Economically Disadvantaged Students

group of studentsOur purpose is to help economically disadvantaged students pursue and achieve success in education so that they can obtain meaningful employment. Our programs to serve that purpose are focused on scholarships.

The Foundation has developed a broad spectrum of scholarship programs. Most of them are leveraged by matching funds (sometimes as much as 4 to 1) and, where available, government grants. Some programs seek to reach students in middle or high school on the theory that preparation and mentoring are necessary if these students are to succeed at the post-secondary level. Others are direct scholarship programs at the university level.

The Foundation’s university and college scholarships to students in financial need are offered at Palm Beach Atlantic University, Sonoma State University, and the University of Florida, among others. The Foundation also provides scholarships for dependents of UPS employees who attend postsecondary institutions in Florida.

The Foundation also has funded scholarships and endowment building at Florida’s state (formerly, community) colleges. One innovative project in partnership with the University of Central Florida and several state colleges is the DirectConnect partnership, which allows graduates from those state colleges to go directly to UCF and obtain scholarship support.

Examples of programs that seek to reach middle or high school students are the Johnson Take Stock program in the School District of Palm Beach County, Florida, and Providence St. Mel School in Chicago, Illinois. Both of these seek to engage disadvantaged students with a mentoring and scholarship program aimed at helping them to graduate from high school and attend postsecondary institutions.

Economically Disadvantaged Student Grant Making Strategy

Why we make grants in this focus area

To help disadvantaged students pursue and achieve success in post-secondary education.

Focus area theory of change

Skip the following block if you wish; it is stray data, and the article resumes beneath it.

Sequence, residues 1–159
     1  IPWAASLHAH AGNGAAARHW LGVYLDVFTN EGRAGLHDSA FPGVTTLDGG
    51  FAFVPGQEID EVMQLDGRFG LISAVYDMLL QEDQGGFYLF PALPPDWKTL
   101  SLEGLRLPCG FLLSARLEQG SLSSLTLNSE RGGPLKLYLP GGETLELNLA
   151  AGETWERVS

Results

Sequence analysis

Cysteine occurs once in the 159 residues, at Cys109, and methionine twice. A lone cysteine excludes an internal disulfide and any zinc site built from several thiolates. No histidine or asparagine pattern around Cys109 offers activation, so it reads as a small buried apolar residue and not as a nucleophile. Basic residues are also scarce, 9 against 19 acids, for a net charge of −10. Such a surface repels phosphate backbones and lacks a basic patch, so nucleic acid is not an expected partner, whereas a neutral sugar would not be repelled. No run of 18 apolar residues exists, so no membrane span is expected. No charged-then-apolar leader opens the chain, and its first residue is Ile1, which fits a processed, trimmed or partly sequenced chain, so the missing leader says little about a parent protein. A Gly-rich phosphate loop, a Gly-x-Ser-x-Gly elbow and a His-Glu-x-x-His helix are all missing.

Disadvantaged students face economic and social barriers. JSF supports programs that help students overcome these obstacles. If students succeed in education, they will be better prepared and have the tools to participate more fully in society.

Linkage to JSF Mission, Core Values, and JSF Theory of Change

This purpose echoes the JSF mission and links to our overall theory of change because our grant making removes barriers to
education for these students so they can:

  1. complete high school
  2. pursue and complete post-secondary educational goals

Short-Term Outcomes
(1-3 Years)

To increase the success rate of these students so that more of them complete high school and pursue post-secondary education.

To leverage our grant investments by engendering community ownership of these interventions and educational supports after our period of grant investment ends.

Intermediate-Term Outcomes
(3-5 Years)

Students will achieve success in college.

Students will graduate and be prepared to participate more fully in the competitive workplace and in society.

Long-Term Outcomes
(Over 5 Years)

Students who have graduated from programs we support with grants will have more success in the workplace and have families that understand the value of education and expect success in education and the workplace.

Communities will “own” these successful interventions and educational supports by creating mechanisms to ensure their
continuation after JSF grants conclude.